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Geneva battle resumes on WTO accord. By Frances
Williams in Geneva. Jun 10, 2003.
Talks resume today in Geneva aimed at bridging the deep divide between rich and poor nations on whether to authorise ministerial negotiations at Cancún, Mexico, in September on a World Trade Organisation investment agreement.
More than 50 development and campaign groups have launched a lobbying campaign against an agreement which they claim would give rapacious multinational corporations a free hand in the developing world.
The backers of a WTO investment accord, led by the European Union and Japan, say developing countries would benefit from consistent international rules on treatment of foreign investors, now covered by a patchwork of more than 2,100 regional and bilateral treaties.
Poorer WTO members, however, fear a WTO accord would reduce their flexibility to channel investment to development targets.
A report published today by ActionAid, the UK charity, says abuses by multinationals in countries such as Haiti, Uganda, India and Brazil showed increased liberalisation of investment carried "huge risks for the world's poorest people".
Campaigners mounted similar lobbying against a much more ambitious multilateral agreement on investment in the Organisation for Economic Co-operation and Development. These collapsed in 1998 after fierce disagreements over sectoral exemptions.
The OECD accord would have required signatories to throw open all sectors except those specifically exempted, and to treat overseas investors in the same way as domestic ones.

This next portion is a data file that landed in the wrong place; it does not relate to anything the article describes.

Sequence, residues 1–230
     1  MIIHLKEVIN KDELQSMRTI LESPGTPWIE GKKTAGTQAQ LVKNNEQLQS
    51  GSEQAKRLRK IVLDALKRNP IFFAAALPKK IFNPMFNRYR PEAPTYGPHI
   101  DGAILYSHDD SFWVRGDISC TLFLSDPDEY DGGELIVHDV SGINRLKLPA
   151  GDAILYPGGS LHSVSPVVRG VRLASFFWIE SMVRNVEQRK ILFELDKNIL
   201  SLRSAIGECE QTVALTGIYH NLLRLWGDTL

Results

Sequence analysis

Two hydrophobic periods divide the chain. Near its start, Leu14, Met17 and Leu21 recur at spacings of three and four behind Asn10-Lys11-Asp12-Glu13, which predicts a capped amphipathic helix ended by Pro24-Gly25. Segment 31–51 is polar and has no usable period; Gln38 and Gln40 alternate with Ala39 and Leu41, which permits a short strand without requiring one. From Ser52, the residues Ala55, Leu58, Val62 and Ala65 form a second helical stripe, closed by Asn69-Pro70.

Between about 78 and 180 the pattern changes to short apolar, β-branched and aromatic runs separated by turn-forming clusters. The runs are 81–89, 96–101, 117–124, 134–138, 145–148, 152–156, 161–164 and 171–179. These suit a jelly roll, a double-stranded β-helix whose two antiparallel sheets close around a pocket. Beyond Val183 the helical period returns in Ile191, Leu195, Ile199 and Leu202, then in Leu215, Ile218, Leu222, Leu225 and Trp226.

Any WTO agreement is likely to adopt a "positive list" approach similar to that already used for its services accord, under which countries can choose which sectors to open to foreign competition and on what terms.
However, many developing countries, led by India, say they are simply not ready to embark on complex negotiations of dubious benefit which would further crowd the agenda for the Doha global trade round due to conclude at the end of next year.
Their position has been reinforced by the WTO's failure to deliver results on issues important to them, including agriculture where talks on guidelines for the negotiations have stalled, and access to cheap medicines where an agreement was blocked by the US.
Ministers agreed in Doha in November 2001, under pressure from Brussels, that WTO members would begin investment negotiations based on guidelines to be established in Cancún "by explicit consensus", a phrase insisted upon by India.
Similar pledges were made for three other sets of negotiations, on competition rules, transparency in government procurement and trade facilitation, where talks on guidelines are also deadlocked.
Unlimited companies: The developmental impacts of an investment agreement
at the WTO, at www.actionaid.org